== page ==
The popularity and moral force of the American author Lydia Maria Francis Child (1802-1880) contributed to the impact radical abolitionists exerted on the antislavery debate that preceded the Civil War.
Lydia Maria Francis was born in Medford, Mass., of an old New England family, on Feb. 11, 1802, and revealed early her sensibilities and intelligence. Her novels of pioneer life, Hobomok (1824) and The Rebels (1825), opened a literary career for her. Juvenile Miscellany, an annual that she instituted in 1826, pioneered in its field, and her later publications appealed to girls and wives. In 1828 she married David Lee Child, a Harvard College graduate who had capped an idealistic, adventurous youth by becoming a lawyer. As a state legislator and editor of the Massachusetts Journal, he seemed on a successful path.
Both were converted to abolitionism by William Lloyd Garrison, but it was Lydia who most startled conventional circles with her Appeal in Favor of That Class of Americans Called Africans (1833). This tract made abolitionists of such noteworthy persons as the Reverend William Ellery Channing and Charles Sumner. It also, however, closed various social circles to her and caused her book sales to fall. Her Juvenile Miscellany suspended, she pressed on as author and abolitionist. She published several abolitionist compilations, as well as biographies of notable women and the groundbreaking History of the Condition of Women in Various Ages and Nations (1835). Her husband introduced beet sugar manufacture in the United States and penned important abolitionist pamphlets. However, he was impractically dedicated to agricultural experiments, and his wife was required to manage their often-constricted finances.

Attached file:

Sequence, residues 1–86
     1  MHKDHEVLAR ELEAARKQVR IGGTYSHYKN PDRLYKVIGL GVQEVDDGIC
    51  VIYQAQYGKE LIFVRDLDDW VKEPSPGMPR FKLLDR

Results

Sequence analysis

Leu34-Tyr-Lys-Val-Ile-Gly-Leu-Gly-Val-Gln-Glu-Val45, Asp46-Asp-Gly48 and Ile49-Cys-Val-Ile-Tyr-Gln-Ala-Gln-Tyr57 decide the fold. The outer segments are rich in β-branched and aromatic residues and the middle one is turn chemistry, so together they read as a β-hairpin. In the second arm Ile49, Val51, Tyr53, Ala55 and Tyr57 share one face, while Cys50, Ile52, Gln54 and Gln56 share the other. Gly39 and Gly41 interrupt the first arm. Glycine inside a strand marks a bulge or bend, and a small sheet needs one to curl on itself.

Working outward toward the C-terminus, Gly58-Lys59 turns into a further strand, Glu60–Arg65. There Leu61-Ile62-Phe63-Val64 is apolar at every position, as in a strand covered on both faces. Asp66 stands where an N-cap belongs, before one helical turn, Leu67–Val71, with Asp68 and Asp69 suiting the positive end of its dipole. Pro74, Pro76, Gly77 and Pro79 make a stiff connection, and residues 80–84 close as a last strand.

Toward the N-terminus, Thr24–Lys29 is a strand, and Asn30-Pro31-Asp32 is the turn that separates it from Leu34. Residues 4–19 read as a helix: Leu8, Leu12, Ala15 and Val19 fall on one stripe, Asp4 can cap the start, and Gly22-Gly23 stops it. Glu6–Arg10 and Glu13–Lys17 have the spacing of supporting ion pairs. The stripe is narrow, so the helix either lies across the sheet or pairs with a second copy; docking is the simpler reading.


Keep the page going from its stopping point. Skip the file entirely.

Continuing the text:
In 1840 Child assumed the editorship of the National Anti-Slavery Standard, representing Garrison in New York. While there she wrote Letters from New York (1843, 1845), which contained much of contemporary interest. Her husband joined her in the work in 1843. The next year, embittered by factional differences between abolitionists, she returned to private life, settling in Wayland, Mass. Among her later books was Progress of Religious Ideas through Successive Ages (1855), which once more broke ground in its religious liberalism.
When John Brown was wounded in the raid on Harpers Ferry, Va., in 1859, Child asked permission to nurse him; this resulted in an exchange of letters which were read nationwide. Correspondence between Lydia Maria Child and Gov. Wise and Mrs. Mason of Virginia (1860) exhibited her abolitionist prose at its strongest.
Child's later writings struck a summary note, as in Looking toward Sunset (1864). Many of her works were outmoded, but her own character evoked admiration. She survived her husband 6 years, dying on July 7, 1880. A memorial volume, Letters (1883), was introduced by John Greenleaf Whittier and included Wendell Phillips's funeral address.
Two biographies of Child are Helene G. Baer, The Heart Is like Heaven: The Life of Lydia Maria Child (1965), and Milton Meltzer, Tongue of Flame: The Life of Lydia Maria Child (1965). She is discussed in numerous works, including Thomas Wentworth Higginson, Contemporaries (1899), and Margaret Farrand Thorp, Female Persuasion: Six Strong-minded Women (1949). Her works are described in volume 2 of Jacob Blanck, Bibliography of American Literature (1957).
Clifford, Deborah Pickman, Crusader for freedom: a life of Lydia Maria Child, Boston: Beacon Press, 1992.
Karcher, Carolyn L., The first woman in the republic: a cultural biography of Lydia Maria Child, Durham: Duke University Press, 1994.